I know, it’s a bad pun or whatever. This post is really about skincare.
Skincare is something that we cyclists tend to forget about. We usually focus on making sure our bike fits us and eating/drinking enough on the road.
But what about the biggest organ in our bodies?
That’s the skin, if you weren’t sure.
We don’t really think about taking care of our skin, so here are a few problem areas and how to avoid them.
Lots of things can affect our skin when we are on the bike. Sweat, sun, tears, dirt, germs, bugs, wayward birds… you get the idea.
We all know we should shower after a ride because we don’t want to be stinky. But that stink that manages to keep people outside a 5-foot radius around you isn’t just sweat – it’s a combination of sweat and bacteria, and whatever else you picked up on the road.
The bacteria part is what can get nasty. If left alone, the bacteria will fester and colonize wherever it wants to – in your pants, in your helmet, in your gloves, in your socks.
That’s fine… if you plan on never wearing any of that again. Otherwise, make sure you wash your gear.
Clothing like jerseys, shorts, socks, sports bras, etc. should be washed after every use, even if you just rode a quick 10 miles.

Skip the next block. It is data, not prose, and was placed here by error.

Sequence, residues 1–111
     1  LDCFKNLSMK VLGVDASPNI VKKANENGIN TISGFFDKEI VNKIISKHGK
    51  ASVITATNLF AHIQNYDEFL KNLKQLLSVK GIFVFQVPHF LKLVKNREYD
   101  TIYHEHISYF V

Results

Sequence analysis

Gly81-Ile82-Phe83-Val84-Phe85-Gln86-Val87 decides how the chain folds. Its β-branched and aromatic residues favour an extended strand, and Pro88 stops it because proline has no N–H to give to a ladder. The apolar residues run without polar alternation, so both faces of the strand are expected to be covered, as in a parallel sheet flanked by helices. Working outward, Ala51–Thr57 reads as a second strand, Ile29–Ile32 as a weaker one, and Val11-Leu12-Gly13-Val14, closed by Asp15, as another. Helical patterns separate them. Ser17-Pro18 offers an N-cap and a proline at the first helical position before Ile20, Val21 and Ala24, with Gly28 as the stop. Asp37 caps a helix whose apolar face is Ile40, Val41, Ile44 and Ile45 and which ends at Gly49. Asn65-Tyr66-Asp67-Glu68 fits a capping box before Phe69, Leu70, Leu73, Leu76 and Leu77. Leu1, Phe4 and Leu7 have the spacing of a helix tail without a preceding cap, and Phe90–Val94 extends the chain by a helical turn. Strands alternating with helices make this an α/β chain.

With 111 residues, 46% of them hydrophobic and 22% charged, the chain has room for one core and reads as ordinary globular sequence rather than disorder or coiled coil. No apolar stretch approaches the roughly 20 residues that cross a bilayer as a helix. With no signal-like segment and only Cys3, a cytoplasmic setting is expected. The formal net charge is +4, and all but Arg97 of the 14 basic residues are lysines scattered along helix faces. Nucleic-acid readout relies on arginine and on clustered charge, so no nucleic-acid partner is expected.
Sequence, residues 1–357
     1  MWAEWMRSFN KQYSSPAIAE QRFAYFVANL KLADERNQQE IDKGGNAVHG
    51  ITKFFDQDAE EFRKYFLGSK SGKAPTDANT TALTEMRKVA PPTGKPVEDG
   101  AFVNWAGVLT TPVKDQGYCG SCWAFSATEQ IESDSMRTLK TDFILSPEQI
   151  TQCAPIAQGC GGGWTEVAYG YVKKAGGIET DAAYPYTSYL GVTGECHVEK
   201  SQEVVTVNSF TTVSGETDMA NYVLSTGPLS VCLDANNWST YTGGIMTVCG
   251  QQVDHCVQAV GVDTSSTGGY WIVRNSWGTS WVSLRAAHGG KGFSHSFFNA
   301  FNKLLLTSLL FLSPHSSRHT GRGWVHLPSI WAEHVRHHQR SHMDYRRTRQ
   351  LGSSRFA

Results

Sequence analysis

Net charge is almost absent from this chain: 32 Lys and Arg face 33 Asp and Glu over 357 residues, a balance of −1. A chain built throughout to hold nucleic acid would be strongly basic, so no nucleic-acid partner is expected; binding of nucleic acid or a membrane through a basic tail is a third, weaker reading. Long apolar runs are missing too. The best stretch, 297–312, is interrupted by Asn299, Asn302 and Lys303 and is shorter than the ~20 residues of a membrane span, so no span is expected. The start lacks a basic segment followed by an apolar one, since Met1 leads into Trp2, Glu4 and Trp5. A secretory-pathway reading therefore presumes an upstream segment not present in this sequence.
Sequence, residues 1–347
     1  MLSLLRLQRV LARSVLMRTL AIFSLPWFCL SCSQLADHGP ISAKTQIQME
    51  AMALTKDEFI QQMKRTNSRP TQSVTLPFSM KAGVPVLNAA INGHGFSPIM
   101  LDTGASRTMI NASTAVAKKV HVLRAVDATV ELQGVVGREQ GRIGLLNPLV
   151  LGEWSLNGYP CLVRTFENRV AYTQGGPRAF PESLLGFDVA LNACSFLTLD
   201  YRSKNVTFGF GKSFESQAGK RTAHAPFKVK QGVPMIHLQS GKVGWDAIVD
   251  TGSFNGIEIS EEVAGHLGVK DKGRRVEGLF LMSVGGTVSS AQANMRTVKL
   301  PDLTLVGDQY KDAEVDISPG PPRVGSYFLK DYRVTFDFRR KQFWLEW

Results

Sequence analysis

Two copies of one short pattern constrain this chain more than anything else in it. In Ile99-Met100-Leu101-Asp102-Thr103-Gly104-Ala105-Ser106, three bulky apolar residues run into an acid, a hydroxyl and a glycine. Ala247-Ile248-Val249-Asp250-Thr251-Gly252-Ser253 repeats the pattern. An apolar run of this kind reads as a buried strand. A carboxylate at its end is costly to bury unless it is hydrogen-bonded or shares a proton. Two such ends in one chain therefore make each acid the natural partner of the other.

Helmets and gloves can go a little longer than that, but I wouldn’t wait longer than a week between washes, especially if you’re an avid rider.
I have started washing my helmet after every long ride because the sweat and grit and germs make for a nasty cocktail of facial rash called acne mechanica.
Acne mechanica, from Types of Acne.com
This is a bacterial skin infection that looks like bad acne, but it’s sore and itchy, and doesn’t go away with just topical antibiotics. Plus, it spreads if you don’t get it taken care of pretty quickly. I got it last summer and I ended up needing a serious antibiotic from the campus clinic.
The most common culprit of acne mechanica? A dirty helmet, but it can be pretty much any article of clothing or gear that is constantly against your skin. When you sweat, your pores open up and are more susceptible to getting filled up with nasties.
The doctor I saw for it said it’s a common athlete rash, and he sees it a lot in wrestlers when they get their faces or backs/shoulders ground into the wrestling mat.
The best way to avoid acne mechanica? Wash your helmet after long sweaty rides, or at least once a week. Routinely wash gloves and hats, and wash clothing like jerseys, shorts and sports bras after every use. Shower with antibacterial soap after every ride.
Here’s more information about acne mechanica.
Another skin rash that plagues cyclists is the dreaded saddle sore.
Saddle sores come from the same basis as acne mechanica – dirty clothing. Saddle sores take it a step further, though, by turning into nasty boils on your rear and crotch. Experts strongly advise against popping saddle sores, as it leads to a greater risk of infection – think saddle sores on crack. Instead, apply a wet warm cloth or soak in a hot bath for a while and apply antibiotic ointment until the sore goes away.
How do you prevent saddle sores? Stay clean. Just like its acne cousin, thoroughly wash your jersey and shorts after every ride, and clean yourself as well with a good antibacterial soap.